Squeal in the Dark, Part II

Hi Everyone… I promised I’d provide more details on our great debate with the Department of Foreign Affairs and International Trade regarding trade economics, in particular the likely employment effects of their proposed Canada-Korea FTA. The federal critique variously described the CAW study (which predicted significant post-FTA job losses in the auto industry and other high-value sectors) with the following […]

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A Squeal in the Dark

When I was growing up on the farm in Alberta, our family had a saying: “If you throw something out into the dark and hear a squeal, it means you hit the pig.” (OK, I didn’t really grow up on a farm in Alberta.  But I visited one once.) That’s how I feel about the Department of Foreign Affairs and […]

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Jeffrey Sachs’ Conversion?

Whaddya make of Jeffrey Sachs these days? He was the guy, was he not, who brought free-market shock therapy to Russia and Eastern Europe. But today he is out there championing the virtues of the welfare state. Here’s a recent missive from no less than Scientific American (Oct 16 2006 edition). It sounds just like what me and Marc Lee […]

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Oil: Can we give it back?

Every now and then you see a sad story on TV about someone who won the lottery, and then their life went to shit (they gave it all away or lost it gambling, became an alcoholic, etc.).  They invariably say at the end, “I wish I’d never won the lottery.” I kind of feel the same way about oil.  I […]

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Autoworkers and emissions controls

A few posts back, Marc Lee was discussing the Harper government’s sudden discovery of the dangers of global warming.  He mentioned in passing reports that the CAW was opposed to the idea of stronger emissions regulations for vehicles.  In fact the CAW has been in support of the Kyoto process, Canadian efforts to meet its targets, and the principle of […]

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Relative Productivity Levels in OECD

A couple of weeks ago, I suggested that someone ought to publish a comparative ranking of OECD countries by productivity per HOUR of work (rather than the more common, but utterly misleading, measure of GDP per capita). Turns out the Economic Policy Institute in Washington has done exactly that in their latest version of their flagship publication, “State of Working […]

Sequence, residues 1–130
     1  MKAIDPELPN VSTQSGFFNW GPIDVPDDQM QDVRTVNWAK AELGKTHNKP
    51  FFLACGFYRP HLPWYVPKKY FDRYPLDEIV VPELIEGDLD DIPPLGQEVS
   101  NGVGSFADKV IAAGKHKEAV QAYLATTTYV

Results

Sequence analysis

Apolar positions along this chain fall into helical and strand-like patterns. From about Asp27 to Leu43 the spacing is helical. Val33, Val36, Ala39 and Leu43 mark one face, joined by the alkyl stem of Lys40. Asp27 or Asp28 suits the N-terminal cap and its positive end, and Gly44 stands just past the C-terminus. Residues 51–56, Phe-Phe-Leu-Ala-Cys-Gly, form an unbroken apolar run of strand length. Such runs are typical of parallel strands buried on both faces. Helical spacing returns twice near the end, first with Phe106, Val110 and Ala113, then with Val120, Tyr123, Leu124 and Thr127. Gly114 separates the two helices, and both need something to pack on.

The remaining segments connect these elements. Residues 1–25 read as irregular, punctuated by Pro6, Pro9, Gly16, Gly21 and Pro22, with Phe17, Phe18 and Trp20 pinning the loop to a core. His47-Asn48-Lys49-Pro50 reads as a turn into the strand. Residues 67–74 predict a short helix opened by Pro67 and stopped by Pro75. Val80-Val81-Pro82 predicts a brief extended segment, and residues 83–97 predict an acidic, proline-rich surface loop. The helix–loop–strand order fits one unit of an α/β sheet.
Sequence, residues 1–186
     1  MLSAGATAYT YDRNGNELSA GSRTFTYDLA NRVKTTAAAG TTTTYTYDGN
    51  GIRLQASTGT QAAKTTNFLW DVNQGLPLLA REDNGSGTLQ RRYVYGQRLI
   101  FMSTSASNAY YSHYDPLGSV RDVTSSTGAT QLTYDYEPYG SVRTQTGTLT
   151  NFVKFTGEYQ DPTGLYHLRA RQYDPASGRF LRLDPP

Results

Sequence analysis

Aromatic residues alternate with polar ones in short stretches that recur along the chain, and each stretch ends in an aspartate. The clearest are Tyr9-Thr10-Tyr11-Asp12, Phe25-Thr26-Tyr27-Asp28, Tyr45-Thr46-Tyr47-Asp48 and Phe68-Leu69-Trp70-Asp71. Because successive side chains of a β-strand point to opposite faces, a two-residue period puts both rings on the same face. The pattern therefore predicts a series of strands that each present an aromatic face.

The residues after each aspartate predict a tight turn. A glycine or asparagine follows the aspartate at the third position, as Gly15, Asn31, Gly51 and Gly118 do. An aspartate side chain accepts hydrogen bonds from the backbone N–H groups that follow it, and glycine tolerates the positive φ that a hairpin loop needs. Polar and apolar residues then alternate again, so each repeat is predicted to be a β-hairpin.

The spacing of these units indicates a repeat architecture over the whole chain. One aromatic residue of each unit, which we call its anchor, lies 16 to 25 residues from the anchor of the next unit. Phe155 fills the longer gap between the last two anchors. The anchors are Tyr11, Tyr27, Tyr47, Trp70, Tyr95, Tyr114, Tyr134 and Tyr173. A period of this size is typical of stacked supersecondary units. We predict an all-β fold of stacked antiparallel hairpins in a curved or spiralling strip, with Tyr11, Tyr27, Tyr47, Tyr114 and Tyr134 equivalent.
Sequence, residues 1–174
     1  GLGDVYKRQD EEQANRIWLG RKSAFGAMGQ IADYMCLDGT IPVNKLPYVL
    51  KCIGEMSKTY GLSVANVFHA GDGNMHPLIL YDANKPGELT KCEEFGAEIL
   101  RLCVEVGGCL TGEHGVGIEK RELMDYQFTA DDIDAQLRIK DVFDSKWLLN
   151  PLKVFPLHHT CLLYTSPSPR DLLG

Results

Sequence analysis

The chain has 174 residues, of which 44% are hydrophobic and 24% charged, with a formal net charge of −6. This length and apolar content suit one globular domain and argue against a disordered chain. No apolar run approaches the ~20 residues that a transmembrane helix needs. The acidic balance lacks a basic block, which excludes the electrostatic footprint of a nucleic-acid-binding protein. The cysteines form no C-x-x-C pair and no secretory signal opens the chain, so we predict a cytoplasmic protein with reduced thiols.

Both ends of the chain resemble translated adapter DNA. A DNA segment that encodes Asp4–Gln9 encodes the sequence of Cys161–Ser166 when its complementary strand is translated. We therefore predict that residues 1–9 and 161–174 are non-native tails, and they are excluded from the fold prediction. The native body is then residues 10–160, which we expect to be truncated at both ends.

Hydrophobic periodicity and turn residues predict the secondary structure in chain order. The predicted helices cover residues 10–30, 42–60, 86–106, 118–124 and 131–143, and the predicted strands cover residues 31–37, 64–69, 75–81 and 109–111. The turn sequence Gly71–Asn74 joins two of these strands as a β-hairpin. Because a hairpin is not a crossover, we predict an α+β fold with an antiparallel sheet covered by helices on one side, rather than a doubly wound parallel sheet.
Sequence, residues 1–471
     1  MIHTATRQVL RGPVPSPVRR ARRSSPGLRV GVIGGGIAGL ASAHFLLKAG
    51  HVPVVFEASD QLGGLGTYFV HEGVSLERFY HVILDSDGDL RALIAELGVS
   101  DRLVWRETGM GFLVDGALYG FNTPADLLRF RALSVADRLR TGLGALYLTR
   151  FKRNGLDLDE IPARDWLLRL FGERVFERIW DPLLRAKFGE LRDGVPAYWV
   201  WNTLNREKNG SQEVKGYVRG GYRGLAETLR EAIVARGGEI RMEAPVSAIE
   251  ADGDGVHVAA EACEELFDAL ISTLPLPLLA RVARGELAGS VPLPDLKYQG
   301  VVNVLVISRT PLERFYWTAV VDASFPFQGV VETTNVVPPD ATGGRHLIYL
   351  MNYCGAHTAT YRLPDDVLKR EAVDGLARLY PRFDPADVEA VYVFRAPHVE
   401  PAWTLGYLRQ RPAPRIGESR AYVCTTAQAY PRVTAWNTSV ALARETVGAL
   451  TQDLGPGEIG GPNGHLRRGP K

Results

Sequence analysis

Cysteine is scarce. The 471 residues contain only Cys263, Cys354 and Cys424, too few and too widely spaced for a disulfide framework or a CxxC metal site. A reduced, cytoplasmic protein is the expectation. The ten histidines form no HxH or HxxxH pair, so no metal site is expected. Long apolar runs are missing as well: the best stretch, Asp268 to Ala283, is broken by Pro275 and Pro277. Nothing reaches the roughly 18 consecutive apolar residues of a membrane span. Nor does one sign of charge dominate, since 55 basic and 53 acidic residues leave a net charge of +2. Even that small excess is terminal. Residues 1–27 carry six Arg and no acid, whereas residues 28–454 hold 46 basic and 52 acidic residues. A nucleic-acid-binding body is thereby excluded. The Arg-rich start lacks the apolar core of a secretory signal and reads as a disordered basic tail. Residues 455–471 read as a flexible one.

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Who’s Productive, Anyway?

I wrote a recent column for the Globe and Mail on the issue of working hours.  It was a repsonse to a report from the Institute for Competitiveness and Prosperity that bemoaned that Ontarians worked significantly less hours than Americans (about 130 hours less per year, on average).  In the Institute’s view, this makes Ontarians $3700 less “prosperous” per year […]

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The Stench of Business

Here was an innocuous line from a recent Toronto Star story about the latter acts of the corporate soap opera that has been the battle for control of Inco and Falconbridge: “Inco must now pay Phelps a break fee of $125 million (U.S.), plus an extra $350 million if Inco “consummates” another deal by Sept. 7.” These merger and takeover battles […]

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The Beauty of the Free Market in Action

by Jim Stanford We all know that private companies are efficient, because they are forced to be by the discipline of the free market. Companies which do not operate efficiently will be driven out of business by those that do. This creative destruction will leave us all better off (abstracting from adjustment costs): higher productivity, cheaper, higher quality products and […]

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The World Upside Down

by Jim Stanford I’ve now been in Melbourne Australia for one month of my 12-month sabbattical. It’s always interesting for an economist to live somewhere else and compare the micro-minutae of life. It’s a sure-fire way to drive your travelling partners nuts. Here are my main impressions of economic life on the bottom side of the planet so far: 1. […]

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